Thursday, April 26, 2007


"Never has there been a good war or a bad peace. " - Benjamin Franklin

Is there any reason for a war/battle? As the war drags on, does any one remember why the whole battle started? At the end, only devastation remains. There would probably be victors, but what is the price? Or is there ever a victor? Is there any sense in a war?

All these are big questions. Something that one would not want our children to know about. Do we want our children to know about war and violence? At what age do we tell them about war and violence. Nikolai Popov thinks it is never too early to talk about violence and war with children. He talks about the senselessness of a war in simple and understandable format of a wordless book called Why?

In a very peaceful environment; a buttoned up frog is sitting peacefully on a rock and enjoying the pleasant evening(or morning) with beautiful flower in its hand. Very soon, a rodent digs out a nearby hole with an umbrella and for no reason attacks the frog. The frog is crestfallen, but, it has a few buddies around and they gang up and attack the rodent. The rodent flees leaving the yellow umbrella. The frogs use the yellow umbrella to pick up flower and enjoy among themselves. Soon, the rodent is back with its own friends and launches a fresh attack on the frogs. Soon, every one joins together and there is a big war in progress. For absolutely no reason, the frogs and rodents keep bashing each other up. The final page shows the first frog with the torn umbrella and the rodent with a completely smashed flower in hand. Both look crestfallen and seem to wonder why the whole incident happened?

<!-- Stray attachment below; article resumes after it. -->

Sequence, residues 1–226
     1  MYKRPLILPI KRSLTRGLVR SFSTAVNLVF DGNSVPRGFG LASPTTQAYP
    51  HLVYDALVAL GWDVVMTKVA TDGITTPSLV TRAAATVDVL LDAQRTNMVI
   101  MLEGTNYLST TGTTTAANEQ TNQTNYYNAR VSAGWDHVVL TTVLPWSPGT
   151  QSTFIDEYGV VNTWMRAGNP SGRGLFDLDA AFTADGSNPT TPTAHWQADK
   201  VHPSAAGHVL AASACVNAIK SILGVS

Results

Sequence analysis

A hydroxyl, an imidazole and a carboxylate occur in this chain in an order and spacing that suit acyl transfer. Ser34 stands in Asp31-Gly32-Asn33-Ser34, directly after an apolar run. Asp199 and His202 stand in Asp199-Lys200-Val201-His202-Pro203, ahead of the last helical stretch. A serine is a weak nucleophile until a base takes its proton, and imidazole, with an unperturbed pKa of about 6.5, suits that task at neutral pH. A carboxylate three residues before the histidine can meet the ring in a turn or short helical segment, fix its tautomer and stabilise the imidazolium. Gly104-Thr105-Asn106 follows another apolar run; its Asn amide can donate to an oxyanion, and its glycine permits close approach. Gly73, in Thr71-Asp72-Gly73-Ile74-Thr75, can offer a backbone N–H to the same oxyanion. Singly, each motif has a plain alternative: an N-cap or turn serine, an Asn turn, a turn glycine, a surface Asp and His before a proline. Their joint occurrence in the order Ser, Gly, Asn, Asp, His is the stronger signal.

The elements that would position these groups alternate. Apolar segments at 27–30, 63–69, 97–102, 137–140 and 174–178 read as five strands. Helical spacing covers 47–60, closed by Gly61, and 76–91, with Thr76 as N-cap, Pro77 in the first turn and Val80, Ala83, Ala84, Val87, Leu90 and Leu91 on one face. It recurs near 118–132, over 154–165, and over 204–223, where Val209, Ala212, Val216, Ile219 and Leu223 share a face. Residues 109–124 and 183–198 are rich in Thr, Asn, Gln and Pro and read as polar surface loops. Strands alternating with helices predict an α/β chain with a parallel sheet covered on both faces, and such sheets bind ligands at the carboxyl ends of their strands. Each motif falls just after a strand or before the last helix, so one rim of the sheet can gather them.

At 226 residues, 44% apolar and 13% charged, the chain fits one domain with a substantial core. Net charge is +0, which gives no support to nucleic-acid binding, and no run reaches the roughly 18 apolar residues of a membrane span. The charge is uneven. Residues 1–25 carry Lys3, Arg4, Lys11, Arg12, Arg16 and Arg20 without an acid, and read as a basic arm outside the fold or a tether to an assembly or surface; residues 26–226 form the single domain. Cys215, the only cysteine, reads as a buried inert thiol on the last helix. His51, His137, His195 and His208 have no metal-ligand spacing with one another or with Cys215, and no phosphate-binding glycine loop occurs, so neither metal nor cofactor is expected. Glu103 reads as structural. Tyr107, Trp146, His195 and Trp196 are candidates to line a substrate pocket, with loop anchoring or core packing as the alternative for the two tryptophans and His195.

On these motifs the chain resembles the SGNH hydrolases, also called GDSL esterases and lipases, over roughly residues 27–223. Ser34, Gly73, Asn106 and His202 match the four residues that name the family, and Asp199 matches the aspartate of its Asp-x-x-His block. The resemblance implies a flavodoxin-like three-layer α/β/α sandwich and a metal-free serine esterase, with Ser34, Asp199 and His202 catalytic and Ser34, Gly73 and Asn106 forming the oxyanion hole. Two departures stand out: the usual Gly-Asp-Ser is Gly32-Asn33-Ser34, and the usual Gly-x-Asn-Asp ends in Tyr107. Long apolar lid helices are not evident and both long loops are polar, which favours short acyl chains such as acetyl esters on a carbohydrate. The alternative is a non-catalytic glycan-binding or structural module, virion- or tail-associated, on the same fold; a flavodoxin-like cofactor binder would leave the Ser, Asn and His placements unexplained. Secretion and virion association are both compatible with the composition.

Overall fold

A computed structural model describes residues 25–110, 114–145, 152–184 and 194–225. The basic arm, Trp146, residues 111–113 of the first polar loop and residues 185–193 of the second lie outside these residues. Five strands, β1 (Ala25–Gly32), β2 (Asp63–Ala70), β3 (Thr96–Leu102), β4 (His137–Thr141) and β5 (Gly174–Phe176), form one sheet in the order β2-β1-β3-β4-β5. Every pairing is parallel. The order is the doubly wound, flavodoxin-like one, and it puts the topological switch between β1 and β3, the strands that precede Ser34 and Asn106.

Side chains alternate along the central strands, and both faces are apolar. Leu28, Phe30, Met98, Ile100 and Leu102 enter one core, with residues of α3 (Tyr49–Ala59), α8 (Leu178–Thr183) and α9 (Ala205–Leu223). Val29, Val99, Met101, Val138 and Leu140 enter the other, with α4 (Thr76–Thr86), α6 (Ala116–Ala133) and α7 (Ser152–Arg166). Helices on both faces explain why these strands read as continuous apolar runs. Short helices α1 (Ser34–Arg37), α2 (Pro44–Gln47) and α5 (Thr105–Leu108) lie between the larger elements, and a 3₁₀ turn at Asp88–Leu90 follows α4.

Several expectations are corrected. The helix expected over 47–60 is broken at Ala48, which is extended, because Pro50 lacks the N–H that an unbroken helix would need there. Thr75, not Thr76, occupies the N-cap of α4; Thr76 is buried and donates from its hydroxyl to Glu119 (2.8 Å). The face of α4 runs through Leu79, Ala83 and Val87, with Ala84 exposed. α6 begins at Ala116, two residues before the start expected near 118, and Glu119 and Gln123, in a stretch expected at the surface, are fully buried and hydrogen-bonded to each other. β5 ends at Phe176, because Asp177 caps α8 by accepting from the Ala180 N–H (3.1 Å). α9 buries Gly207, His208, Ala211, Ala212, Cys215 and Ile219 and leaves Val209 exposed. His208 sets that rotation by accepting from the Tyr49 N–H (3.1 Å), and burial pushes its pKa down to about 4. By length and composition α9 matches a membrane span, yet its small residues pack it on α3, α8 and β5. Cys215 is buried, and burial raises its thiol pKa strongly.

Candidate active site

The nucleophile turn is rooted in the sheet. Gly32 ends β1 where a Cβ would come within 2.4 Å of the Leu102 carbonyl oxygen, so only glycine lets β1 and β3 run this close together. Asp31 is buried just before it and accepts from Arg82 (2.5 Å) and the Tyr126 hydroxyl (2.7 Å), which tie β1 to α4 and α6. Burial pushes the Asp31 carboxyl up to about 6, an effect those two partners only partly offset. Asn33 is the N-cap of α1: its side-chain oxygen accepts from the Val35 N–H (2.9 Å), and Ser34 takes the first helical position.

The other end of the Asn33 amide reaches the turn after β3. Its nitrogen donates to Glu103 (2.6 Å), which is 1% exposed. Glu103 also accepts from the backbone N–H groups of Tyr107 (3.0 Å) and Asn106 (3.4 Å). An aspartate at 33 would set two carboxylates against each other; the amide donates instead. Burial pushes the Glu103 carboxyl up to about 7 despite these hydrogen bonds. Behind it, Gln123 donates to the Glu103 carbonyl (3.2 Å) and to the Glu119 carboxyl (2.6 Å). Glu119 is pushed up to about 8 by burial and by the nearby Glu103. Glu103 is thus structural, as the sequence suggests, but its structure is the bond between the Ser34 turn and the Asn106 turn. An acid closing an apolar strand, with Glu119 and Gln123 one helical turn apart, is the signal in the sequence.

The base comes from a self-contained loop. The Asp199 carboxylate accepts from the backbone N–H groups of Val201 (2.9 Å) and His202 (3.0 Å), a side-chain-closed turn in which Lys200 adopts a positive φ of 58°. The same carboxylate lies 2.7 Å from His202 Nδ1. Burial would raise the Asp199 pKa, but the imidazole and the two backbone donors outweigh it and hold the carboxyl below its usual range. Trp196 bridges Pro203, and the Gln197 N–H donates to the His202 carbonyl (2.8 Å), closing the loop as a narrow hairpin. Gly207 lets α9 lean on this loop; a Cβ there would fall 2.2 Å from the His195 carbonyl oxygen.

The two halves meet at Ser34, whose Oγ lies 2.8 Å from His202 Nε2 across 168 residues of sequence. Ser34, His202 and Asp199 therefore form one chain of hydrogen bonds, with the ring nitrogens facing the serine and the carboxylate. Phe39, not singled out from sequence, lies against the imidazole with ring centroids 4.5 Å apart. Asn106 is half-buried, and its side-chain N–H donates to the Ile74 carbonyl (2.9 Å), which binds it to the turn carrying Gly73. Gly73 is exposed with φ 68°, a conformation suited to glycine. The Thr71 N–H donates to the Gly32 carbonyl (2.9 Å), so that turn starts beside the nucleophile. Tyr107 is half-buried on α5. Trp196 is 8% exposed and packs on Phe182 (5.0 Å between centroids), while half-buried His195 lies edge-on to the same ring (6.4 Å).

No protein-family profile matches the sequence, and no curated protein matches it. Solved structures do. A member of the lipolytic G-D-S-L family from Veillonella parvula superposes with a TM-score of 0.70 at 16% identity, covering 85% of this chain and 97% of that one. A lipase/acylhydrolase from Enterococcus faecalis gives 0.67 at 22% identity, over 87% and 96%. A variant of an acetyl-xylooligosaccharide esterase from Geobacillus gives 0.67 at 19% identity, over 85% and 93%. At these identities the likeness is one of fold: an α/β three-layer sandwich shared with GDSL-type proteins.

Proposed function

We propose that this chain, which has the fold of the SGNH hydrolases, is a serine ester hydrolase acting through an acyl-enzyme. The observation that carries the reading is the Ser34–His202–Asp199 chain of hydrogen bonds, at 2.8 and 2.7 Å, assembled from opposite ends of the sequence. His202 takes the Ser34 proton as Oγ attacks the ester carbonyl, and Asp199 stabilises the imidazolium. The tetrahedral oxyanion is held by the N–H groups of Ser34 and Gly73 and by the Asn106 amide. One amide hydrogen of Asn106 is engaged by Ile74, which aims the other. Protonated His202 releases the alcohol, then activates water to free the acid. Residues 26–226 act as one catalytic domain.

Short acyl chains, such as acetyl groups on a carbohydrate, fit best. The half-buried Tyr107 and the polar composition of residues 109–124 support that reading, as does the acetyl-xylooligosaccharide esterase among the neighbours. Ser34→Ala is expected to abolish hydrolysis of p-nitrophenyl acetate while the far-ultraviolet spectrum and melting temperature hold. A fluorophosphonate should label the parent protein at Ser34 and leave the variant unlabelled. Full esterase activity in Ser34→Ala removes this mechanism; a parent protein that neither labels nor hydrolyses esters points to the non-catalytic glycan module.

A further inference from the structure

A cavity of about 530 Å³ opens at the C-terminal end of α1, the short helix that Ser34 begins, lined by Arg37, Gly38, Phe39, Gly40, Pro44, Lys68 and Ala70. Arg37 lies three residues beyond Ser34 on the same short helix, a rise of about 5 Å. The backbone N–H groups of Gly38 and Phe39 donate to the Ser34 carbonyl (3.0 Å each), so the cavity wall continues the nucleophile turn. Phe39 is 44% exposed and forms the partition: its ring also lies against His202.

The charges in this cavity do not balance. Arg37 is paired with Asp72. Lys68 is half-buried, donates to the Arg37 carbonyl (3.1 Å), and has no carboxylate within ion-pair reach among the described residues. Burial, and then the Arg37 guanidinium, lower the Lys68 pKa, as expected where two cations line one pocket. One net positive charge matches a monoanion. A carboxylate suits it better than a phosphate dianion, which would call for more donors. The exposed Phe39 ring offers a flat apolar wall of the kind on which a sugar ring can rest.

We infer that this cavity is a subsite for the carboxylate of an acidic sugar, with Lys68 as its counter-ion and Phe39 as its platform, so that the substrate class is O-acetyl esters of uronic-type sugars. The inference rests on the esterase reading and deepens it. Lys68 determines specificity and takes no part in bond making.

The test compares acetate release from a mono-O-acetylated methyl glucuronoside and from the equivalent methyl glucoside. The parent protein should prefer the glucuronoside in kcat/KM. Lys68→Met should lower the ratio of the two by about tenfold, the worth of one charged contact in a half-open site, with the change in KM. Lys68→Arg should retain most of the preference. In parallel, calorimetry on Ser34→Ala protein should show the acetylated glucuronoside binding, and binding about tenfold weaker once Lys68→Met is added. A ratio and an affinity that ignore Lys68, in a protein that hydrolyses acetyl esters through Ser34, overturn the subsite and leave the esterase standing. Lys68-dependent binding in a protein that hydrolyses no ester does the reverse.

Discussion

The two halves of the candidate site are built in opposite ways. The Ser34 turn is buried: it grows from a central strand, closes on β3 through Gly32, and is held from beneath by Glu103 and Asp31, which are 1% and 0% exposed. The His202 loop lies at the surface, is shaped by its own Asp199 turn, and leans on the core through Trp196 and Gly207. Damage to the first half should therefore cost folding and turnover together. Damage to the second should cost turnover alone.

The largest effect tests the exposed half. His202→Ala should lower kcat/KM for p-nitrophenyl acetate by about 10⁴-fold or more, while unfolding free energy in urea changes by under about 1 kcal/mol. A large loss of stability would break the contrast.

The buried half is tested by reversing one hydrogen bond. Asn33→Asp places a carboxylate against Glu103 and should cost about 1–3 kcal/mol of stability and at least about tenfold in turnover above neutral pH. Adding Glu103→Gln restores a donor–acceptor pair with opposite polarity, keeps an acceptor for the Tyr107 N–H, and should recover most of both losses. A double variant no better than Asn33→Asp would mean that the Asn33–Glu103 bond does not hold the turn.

All the illustrations are in green water colour initially to depict the greenery and peace and slowly the colours change as we scroll through the various pages. By the end, the whole page is brownish depicting the ravages and destruction of the war. There is no bloodshed, the illustrations emote the dreadfulness and senselessness of the violence very well.

It is an extremely loaded picture book. It is probably a good gift for all adults and kids of all ages. I am not sure if kids might be able understand the depth of the tale, but, it would probably stay in their mind. Sooraj and I went through this book once or twice. But, he did not seem to enjoy it that much - atleast there were no visible signs. I have a feeling he might enjoy it and appreciate more as he grows older.

"An eye for an eye makes the entire world blind" - M K Gandhi


Praba Ram said...

Sathish -

I am speechless - rather wordless...I am afraid anything I write here as a comment might sound so meaningless and shallow in light of the book you've reviewed!

A sure pick...


Tharini said...

I know I'LL want to experience this book. Thank you for this beautiful pick. Incidentally, that is one of my favorite quotes of Mahatma Gandhi.

Sheela said...

thank you for sharing this book - loaded indeed. how do we introduce such harsh realities of life in this world to a child? if possible, don't we all want to shelter our little ones forever from harm? and when do want to start talking to them about it, am glad you pointed us to a wonderful book.

Anonymous said...

What a ridiculous concept. "Why?" Why, indeed. If the damn mouse hadn't stolen the flower in the first place, none of it would have happened. What was the frog supposed to do? Let the mouse keep it?

What a great message for kids: don't ever stand up for or protect yourself or your property, because we might ruin the prairie! It worked great for the Jews in Poland, right?

Sriram said...

I think you are taking the story little too literally. The big picture is that war should be avoided if at all possible, since everyone loses to some extent. I don't think anyone is expected to be a silent spectator when you are being exploited.

Kids have a tough time distinguishing right from wrong and self-preservation is paramount for them. If your kid took something from another kid, do you want your kid to be hit? At least, from that perspective this can be helpful.

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